AS9100C released in 2009 further required formalized product risk management process to be applied to product realization activities. Organizations are required to plan, implement, and control a process for risk management. Risk management includes requirements for assigning responsibilities, defining risk criteria, identifying and assessing risk, mitigation actions, and the acceptance. These requirements have been carried forward to AS9100D clause 8.1.1 for operational risk management.
In AS9100D, the risk-based thinking concept has been expanded throughout the quality management system as emphasized with the ISO 9001:2015 clause 6.1 addition of Actions to Address Risk and Opportunities. Risk–based thinking promotes proactive thinking throughout the quality management system. The requirements in clause 6.1 specify that the organization shall plan actions to address risks. There is no requirement for formal methods for risk management or a documented risk management process except as denoted in clause 8.1.1 above.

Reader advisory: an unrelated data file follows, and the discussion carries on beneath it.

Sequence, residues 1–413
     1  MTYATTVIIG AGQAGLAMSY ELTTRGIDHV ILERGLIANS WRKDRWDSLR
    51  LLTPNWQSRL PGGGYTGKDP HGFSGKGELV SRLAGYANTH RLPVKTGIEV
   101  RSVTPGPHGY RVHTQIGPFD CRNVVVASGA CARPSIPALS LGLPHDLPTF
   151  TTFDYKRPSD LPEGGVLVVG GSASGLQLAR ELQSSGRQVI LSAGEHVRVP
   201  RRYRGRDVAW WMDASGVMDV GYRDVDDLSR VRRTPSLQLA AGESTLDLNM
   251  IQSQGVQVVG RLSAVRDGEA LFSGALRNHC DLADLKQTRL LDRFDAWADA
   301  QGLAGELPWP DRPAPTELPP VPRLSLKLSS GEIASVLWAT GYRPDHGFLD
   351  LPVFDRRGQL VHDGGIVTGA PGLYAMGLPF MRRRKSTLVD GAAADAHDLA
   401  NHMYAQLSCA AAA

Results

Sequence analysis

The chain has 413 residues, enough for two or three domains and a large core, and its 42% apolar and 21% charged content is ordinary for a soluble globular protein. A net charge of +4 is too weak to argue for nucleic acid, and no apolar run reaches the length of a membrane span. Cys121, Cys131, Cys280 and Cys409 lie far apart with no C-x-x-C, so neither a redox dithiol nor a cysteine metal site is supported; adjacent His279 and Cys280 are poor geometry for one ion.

The intent of risk management and risk-based thinking is to:
- Change the organization’s culture and mindset to be proactive.
- Focus on priorities and what adds value to the company.
- Ensure alignment of resources to issues and risks.
- Ensure greater knowledge of risks and improved preparedness.
- Increase the probability of reaching objectives while reducing the probability of negative results
Product Safety Applicability
Product safety has always been implicit within the AS9100-series standard relating to end user experience with the product. Some lower-tiered supply chain organizations are thinking product safety does not apply to them. These organizations do not know how the customer uses their supplied products.
If organizations do not know how their product is used…this is a great opportunity to find out from your customer and understand the potential product safety impacts. Based upon their knowledge of the parts being produced, how can the product be produced so as to meet engineering and product conformity requirements?